Let’s learn a new language

by Lynda Hawe
Communications Officer, Centre for Educational Research and Innovation (CERI), Directorate for Education 

How many of you have experienced while travelling, in a country which hosts a foreign language and a different culture, the desperate need to wholeheartedly express yourself?  As frantically you watch your intrigued interlocutor return your inadequate efforts with blank looks of total incomprehension! Then, with the support of some friendly smiles, warm gestures and some very theatrical hand waving motions, suddenly the situation eases and you feel a connection, even if you’re still not completely understood!

The language assets of a country, as well as the language components of human capital of individuals, can provide to be of a comparative advantage in our globalising world. Visibly, globalisation transcends time and geographical barriers as well as political and social ideals. It also enhances the blending of cultural elements, such as music, languages and cuisine.

Currently, the use of more than one language is no longer exceptional – over six billion people in the world speak an estimated six thousand languages.  Moreover, as UNESCO explains, there are many endangered languages with the risk that the disappearance of these unwritten and undocumented languages, humanity would lose not only a cultural wealth but also important ancestral knowledge.

Amazingly, for early infants simple gaze following is a crucial developmental component because it enables language learning and their acquisition of new skills via imitation and instruction, as explained by Dr. Meltzoff of the LIFE Center at a recent CERI and New Science Foundation (NSF) conference during his presentation on Social Cognition and the Early Years.  But it’s never too late to learn a new language; a current project on brain function investigates how mastering of multiple languages can have profound effects on our cognitive abilities, extending beyond social and communicative benefits. Bilinguals outperform monolinguals in a variety of tasks that are cognitively demanding, such as those drawing on executive processes such as inhibitory control and working memory.

Consequently, nothing is more fundamentally connected to education than language. And isn’t it just amazing how languages issues manage to arouse such strong emotional reactions? Positions in the various debates on languages in education can also have strong political consequences. Even in the scientific community research findings and scholarly arguments are transformed easily into causes that appear to need to be vigorously endorsed. The strong emotional and political loading of language issues in education can be explained by the rapidly changing social context in which old concepts seem to clash with the exigencies of newer ones.   For example, in the United States at the Abraham Lincoln Elementary School, located in Indianapolis, Indiana there are 59 languages spoken among the student body.  Here they have found that many children from other countries are quick to learn English, but communicating with their families is often a much bigger challenge.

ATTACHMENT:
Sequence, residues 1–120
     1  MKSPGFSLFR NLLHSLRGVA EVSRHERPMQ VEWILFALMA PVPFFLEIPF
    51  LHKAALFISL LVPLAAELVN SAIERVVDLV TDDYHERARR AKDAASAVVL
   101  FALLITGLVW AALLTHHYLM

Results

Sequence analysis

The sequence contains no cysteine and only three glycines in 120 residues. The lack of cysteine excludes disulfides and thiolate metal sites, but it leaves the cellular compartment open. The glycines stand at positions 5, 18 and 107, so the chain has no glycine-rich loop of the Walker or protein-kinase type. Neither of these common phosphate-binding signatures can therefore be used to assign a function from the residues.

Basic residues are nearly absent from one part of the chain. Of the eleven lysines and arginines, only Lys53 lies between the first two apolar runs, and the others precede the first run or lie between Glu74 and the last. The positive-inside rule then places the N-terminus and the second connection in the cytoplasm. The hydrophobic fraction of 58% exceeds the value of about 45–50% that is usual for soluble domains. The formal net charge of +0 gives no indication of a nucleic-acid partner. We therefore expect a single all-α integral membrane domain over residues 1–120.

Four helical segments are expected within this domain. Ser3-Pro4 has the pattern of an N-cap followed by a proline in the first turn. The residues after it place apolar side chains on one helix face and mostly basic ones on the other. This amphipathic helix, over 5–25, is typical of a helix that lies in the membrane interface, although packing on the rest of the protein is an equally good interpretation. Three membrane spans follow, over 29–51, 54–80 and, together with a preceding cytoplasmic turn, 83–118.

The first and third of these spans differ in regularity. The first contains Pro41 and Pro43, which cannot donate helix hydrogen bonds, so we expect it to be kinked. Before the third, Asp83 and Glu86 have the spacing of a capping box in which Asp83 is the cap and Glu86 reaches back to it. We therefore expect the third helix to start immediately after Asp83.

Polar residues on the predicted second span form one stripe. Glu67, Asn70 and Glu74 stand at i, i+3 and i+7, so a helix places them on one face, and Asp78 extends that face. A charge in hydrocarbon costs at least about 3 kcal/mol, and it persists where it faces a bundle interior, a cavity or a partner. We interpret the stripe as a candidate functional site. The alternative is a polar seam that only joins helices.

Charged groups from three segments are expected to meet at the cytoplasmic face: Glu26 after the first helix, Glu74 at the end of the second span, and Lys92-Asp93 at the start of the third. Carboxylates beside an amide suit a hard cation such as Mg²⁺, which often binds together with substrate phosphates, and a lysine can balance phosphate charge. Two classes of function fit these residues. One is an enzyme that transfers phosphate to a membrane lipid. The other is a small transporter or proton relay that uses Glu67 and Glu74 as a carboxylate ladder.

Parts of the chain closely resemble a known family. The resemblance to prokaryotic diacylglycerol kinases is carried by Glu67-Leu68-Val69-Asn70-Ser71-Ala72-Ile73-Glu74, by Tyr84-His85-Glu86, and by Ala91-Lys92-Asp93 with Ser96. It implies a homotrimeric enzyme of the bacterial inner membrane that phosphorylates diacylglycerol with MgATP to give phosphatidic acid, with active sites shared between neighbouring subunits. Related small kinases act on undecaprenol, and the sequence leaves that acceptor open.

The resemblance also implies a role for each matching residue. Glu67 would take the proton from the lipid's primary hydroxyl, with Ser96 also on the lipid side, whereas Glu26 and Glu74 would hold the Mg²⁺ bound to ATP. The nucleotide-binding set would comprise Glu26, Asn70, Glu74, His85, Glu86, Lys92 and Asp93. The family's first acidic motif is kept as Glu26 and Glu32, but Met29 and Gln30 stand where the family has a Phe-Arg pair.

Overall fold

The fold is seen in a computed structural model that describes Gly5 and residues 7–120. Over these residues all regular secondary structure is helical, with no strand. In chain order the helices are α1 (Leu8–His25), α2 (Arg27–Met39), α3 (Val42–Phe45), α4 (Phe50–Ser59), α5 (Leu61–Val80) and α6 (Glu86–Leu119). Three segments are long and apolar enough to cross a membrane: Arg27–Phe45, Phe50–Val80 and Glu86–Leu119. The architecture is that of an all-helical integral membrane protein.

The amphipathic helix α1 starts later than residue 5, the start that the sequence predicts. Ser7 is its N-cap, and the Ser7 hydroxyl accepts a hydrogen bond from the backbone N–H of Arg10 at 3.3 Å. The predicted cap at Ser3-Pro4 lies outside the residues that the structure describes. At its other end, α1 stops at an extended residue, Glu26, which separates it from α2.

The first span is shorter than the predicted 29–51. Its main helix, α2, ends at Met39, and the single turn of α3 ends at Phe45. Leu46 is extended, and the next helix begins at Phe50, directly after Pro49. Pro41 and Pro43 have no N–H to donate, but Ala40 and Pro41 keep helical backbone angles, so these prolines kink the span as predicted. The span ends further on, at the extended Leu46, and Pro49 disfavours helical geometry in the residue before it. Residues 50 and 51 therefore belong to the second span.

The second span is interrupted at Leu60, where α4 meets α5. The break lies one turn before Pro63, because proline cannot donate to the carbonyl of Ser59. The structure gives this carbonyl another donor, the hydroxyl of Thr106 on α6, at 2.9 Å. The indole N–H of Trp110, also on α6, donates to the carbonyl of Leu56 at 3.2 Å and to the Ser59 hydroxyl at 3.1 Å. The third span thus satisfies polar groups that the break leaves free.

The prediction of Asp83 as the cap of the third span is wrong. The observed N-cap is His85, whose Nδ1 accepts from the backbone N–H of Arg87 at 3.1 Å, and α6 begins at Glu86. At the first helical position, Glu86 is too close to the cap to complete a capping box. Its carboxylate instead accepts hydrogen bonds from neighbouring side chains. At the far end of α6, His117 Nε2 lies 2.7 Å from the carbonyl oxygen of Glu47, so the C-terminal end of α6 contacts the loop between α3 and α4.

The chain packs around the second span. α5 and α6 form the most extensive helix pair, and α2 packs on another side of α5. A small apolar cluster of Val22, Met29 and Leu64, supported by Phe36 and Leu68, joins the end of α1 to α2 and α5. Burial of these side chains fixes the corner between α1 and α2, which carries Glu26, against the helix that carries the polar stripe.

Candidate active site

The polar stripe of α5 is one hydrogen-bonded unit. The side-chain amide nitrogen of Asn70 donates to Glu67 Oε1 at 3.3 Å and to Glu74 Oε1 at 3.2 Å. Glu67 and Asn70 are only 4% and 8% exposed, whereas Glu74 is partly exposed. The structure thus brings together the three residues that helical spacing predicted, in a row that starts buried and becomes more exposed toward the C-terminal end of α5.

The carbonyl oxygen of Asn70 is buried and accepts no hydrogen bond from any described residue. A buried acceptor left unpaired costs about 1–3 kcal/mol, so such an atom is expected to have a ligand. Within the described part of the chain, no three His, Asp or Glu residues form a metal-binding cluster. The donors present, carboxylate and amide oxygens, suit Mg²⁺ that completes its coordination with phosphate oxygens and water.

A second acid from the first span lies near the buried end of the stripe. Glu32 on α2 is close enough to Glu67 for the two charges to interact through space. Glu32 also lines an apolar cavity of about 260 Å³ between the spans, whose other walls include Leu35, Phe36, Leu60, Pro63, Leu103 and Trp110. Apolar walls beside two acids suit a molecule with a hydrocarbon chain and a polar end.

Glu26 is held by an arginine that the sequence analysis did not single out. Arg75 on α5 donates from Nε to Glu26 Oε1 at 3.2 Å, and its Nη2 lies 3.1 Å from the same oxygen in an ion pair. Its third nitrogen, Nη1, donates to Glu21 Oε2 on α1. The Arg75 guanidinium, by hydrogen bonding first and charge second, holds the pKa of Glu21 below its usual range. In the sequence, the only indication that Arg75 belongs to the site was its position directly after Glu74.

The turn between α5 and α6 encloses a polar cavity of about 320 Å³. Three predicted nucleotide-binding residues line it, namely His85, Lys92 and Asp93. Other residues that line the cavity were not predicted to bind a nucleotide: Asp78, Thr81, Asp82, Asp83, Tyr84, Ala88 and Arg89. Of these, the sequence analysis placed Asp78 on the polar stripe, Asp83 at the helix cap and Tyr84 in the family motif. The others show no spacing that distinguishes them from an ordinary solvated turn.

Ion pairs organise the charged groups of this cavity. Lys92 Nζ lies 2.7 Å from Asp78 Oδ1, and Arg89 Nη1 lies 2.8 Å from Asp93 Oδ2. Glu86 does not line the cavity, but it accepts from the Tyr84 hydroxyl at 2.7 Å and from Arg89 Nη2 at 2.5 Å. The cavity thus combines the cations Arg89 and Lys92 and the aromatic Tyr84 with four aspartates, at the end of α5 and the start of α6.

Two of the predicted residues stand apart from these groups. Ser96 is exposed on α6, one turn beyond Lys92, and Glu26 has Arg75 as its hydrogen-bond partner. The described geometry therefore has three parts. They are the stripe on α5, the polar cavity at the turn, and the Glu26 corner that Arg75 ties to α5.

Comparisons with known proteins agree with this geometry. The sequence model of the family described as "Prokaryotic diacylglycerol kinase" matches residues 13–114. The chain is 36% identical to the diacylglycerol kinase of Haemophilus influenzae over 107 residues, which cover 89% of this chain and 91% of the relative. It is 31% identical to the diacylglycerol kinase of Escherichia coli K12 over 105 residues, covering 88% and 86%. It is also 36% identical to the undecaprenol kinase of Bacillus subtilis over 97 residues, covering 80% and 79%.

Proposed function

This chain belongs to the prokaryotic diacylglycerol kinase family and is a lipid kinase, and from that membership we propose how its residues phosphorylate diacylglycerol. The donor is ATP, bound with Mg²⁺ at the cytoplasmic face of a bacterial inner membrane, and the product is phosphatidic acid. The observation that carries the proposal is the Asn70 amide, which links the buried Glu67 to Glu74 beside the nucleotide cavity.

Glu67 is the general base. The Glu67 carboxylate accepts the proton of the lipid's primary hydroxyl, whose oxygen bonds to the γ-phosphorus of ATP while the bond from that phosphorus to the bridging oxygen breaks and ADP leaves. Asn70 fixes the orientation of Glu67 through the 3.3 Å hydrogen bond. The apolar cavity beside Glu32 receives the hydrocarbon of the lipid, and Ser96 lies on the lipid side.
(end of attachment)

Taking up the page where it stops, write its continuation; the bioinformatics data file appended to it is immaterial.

The Centre for Educational Research and Innovation (CERI)’s upcoming book “Languages in a Global World: Learning for Better Cultural Understanding” demonstrates how issues concerning languages in education are undergoing profound transitions as a consequence of globalisation, migration and changes in modern societies.  This book will look at the big questions of language diversity around the world and its relation to education learning.  Since learning a new language is not only a means to improving communication, but more importantly a way to promote global understanding.

Given that culture and language are inextricably intertwined, learning a language necessitates familiarising oneself with a new culture. This gives us the unique opportunity to step outside our familiar scope of existence. It allows us to view culture’s customs, traditions and norms as well as our own value systems through the eyes of others.  Does this understanding promote appreciation of cultural differences, which in turn creates more tolerance and thus a better appreciation of others? People often express a perceived positive and productive change in their identities as a result of experiences with other languages and cultures.

Learn more:
OECD work on Globalisation and Linguistic Competencies
OECD work on the brain and learning
Activities in the Centre for Educational Research and Innovation (CERI) 

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Photo Credit © dihrespati

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